Now, to contrast this with animal rights law, there are laws to protect animals from harm and exploitation, but they are not as well enforced as are those for humans. In certain situations, acts that we may categorise as ‘cruel’ in the case of humans, we choose not to view as cruel to animals, such as removing a calf from its mother within 48 hours of birth. With this example in mind, I want to draw attention to the difference between our protective words and our abusive actions as humans towards animals. It was noted by barrister and Association of Lawyers for Animal Welfare (ALAW) policy director, Alan Bates that, “the reality gap between the broad protective language used by much of the legislation enforcement and the paucity of the protection actually afforded to animals”5 needs to be closed. There cannot be such a paradox between laws and actions. Interesting points were made throughout R (Compassion in World Farming Limited) v Secretary of State for the Environment, Food and Rural Affairs (2004), which used phrases such as “responsibility for animals,” “prevention of harm” and “unnecessary suffering.”6 Such protective language is a direct contradiction of “unnecessary suffering” is that undergone by animals being trained for circuses or tested on for cosmetics (this will be discussed in greater depth later); this illustrates the gap between what is being said and what is being done. Bates then goes on to discuss the idea that the legislation we have in place implies that it is perfectly fine to cause the suffering of an animal if it is “necessary,” and mentions s1(1) of the Animals Act (1911) as being the piece that purports this situation.7
If we were then to contrast this idea of necessity with our own human rights, is there legislation in place that states it is acceptable to cause a human suffering as long as it is necessary? To a certain extent yes, in times of war, it is not unlawful to cause harm. The English definition of murder is: “Unlawful killing of a human being under the Queen’s peace,”8 meaning that in wartime, when the Queen’s peace is disturbed, it may not always be deemed unlawful to have caused the death of another (with the exception of war crimes). A doctor or surgeon, for example, is allowed to cause someone suffering due to necessity – this is true, but as humans are intelligent beings, we are aware (usually) of what is happening to us and we know that it is for our own good. What would usually be a criminal offence, i.e. OAPA s20 ‘wounding’ (breaking of all layers of the skin – Eisenhower),9 now becomes a necessary means to a desired end—healing. However, the ending reached after an animal has been suffering is rarely a happy one. In a manner of speaking one may draw a parallel here with the death penalty in the US, where of course for the one confined, the ending is similarly not a happy one. With the exception of the death penalty, there is not much that compares to the organised suffering animals have to endure in procedures such as animal testing, or when wild animals are broken in as circus performers, and they are detained to the same point we would expect a human to be after committing a criminal offence. The difference is that the animal has done nothing wrong, and has no concept of why they undergo such mistreatment at the hands of humans. My point here is that the threshold for what is “necessary” suffering appears much lower for animals than humans. It should not be this way.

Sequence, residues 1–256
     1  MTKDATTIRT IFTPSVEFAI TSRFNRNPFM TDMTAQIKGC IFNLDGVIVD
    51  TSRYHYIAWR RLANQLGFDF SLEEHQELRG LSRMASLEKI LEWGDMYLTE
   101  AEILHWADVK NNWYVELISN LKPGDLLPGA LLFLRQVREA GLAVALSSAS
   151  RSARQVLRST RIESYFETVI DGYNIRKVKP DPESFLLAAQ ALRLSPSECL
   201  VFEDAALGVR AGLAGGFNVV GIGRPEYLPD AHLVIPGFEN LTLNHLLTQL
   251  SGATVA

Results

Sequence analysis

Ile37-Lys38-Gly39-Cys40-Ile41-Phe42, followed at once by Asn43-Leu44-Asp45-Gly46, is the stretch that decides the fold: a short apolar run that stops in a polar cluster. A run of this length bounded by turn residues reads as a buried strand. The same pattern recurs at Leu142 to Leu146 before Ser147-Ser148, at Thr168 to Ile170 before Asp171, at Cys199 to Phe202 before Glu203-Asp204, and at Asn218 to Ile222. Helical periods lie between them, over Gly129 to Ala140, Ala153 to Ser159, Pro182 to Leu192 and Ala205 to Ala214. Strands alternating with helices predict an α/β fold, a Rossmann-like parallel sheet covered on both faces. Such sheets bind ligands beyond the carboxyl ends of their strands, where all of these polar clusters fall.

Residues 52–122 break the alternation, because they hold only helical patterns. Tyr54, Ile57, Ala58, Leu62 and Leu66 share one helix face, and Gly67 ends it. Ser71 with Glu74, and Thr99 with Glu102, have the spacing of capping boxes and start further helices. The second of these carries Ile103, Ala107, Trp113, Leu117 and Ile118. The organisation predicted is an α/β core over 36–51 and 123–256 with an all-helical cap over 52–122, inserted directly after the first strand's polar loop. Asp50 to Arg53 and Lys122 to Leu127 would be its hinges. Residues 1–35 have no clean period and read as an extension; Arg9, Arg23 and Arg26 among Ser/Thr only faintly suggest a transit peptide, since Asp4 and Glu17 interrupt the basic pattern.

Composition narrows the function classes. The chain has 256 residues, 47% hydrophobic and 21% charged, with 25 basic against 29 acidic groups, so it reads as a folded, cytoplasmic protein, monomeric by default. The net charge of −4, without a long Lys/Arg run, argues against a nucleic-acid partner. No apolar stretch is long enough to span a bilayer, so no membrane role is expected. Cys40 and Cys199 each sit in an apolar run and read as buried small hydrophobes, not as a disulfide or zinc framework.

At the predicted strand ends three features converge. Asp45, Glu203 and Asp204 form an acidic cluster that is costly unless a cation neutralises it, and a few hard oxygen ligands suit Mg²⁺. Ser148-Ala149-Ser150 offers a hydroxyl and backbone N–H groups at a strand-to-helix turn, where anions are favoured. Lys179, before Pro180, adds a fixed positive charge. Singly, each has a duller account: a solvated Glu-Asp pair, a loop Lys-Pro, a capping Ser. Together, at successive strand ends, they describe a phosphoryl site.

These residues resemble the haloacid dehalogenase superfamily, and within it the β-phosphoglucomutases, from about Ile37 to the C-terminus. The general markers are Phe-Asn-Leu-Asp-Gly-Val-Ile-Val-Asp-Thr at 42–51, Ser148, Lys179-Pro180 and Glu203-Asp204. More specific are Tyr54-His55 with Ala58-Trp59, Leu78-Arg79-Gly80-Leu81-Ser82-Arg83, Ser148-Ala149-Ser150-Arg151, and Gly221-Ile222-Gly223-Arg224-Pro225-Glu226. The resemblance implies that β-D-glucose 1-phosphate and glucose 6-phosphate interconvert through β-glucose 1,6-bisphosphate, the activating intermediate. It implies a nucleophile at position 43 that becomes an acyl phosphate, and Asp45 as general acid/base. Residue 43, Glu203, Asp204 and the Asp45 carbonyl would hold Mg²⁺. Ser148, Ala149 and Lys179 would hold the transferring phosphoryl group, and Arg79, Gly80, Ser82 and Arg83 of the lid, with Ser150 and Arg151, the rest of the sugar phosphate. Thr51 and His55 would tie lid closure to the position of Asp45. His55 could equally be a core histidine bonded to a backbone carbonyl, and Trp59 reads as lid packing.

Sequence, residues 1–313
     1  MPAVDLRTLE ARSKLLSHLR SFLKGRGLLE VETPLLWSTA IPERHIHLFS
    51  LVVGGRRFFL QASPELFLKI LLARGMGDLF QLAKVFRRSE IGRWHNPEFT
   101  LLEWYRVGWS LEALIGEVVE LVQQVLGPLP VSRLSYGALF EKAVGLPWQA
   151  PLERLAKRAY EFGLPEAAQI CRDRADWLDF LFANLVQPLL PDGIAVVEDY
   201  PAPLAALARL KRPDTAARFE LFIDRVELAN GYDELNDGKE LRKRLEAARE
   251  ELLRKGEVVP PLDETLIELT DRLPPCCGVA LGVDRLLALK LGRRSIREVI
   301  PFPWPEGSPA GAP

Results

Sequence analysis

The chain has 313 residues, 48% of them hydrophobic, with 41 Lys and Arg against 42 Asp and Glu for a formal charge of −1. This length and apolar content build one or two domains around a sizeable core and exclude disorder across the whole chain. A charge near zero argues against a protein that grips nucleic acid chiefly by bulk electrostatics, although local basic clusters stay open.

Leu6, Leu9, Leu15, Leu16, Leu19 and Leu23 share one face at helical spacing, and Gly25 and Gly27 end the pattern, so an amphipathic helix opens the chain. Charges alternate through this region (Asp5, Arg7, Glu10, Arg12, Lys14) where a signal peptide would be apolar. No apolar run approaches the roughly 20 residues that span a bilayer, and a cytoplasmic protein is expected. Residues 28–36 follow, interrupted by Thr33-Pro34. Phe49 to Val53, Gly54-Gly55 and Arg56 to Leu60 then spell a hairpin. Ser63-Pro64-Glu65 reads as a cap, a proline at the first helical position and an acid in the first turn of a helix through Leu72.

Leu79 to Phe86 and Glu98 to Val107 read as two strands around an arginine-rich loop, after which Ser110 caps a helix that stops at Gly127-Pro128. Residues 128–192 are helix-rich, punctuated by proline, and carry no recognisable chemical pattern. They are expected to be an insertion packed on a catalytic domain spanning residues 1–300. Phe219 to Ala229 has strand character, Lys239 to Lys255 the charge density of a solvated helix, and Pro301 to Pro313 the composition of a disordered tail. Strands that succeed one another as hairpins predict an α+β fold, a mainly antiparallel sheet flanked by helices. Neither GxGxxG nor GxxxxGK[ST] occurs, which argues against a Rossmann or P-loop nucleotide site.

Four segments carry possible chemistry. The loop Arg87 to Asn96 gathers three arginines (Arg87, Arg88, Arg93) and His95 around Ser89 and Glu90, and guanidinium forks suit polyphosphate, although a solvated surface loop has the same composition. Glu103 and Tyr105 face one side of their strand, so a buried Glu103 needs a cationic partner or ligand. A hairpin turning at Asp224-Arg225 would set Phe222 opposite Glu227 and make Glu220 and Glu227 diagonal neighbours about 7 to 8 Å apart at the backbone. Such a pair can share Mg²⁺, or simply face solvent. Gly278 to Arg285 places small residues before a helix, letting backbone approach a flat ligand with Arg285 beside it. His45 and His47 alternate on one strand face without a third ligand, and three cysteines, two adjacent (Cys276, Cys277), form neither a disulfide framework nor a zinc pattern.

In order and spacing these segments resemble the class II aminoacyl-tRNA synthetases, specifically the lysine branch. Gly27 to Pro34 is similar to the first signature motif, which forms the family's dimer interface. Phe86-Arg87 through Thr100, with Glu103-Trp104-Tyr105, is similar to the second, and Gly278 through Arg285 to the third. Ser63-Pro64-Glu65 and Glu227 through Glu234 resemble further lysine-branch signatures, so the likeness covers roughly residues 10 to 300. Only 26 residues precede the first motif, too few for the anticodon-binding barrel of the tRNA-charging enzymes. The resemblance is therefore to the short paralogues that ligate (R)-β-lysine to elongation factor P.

That being said, we are getting closer to the point where animals’ rights are starting to be brought in line with our own. For example, there was a ground-breaking Brazilian case that actually recognised an animal as a legal subject and not an object for the first time in history. The case is discussed in Ciro Brigham’s article, Historic Decision Recognizes Chimpanzee As Legal Subject.10 It demonstrates that it is now starting to be acknowledged that animals are not as separate from humans as some like to believe. If this can happen in Brazil in 2005, then 11 years on we should be seeing this kind of case all the time, but we are not. The case, Suiça vs. Zoological Garden of the City of Salvador 2005, involved a female chimpanzee, Suíça, whose mate had suddenly died. Suíça had been displaying symptoms of depression – it was recorded in 1992 that chimps can feel and show emotion, they have been witnessed to laugh when they play and cry when they grieve11 – and was visibly suffering whilst she was being held captive at the Salvador zoo in Brazil. The case was to become a petition for Habeas Corpus (A writ of habeas corpus is used to bring a prisoner or other detainee…before the court to determine if the person’s imprisonment or detention is lawful).12 This creative solution would only work of course if Suíça could count as a prisoner or even a legal person who is entitled to bodily integrity. There are a number of different definitions of prisoner, such as: “A person captured and kept confined by an enemy or criminal.”13 The key word used in all definitions, however, is ‘person,’ which obviously was up for debate in this case as Suíça was a chimp. In the end, Judge Edmundo Lúcio da Cruz ruled in favor of the chimp, establishing not that she was a person as such, but that she constituted a legal subject. Sadly, this ruling came the day after she passed away, but it was a huge step in the direction of human-animal equality. It is my hope that we will see more and more of this kind of case, as this would show that the law is trying to guarantee justice for all.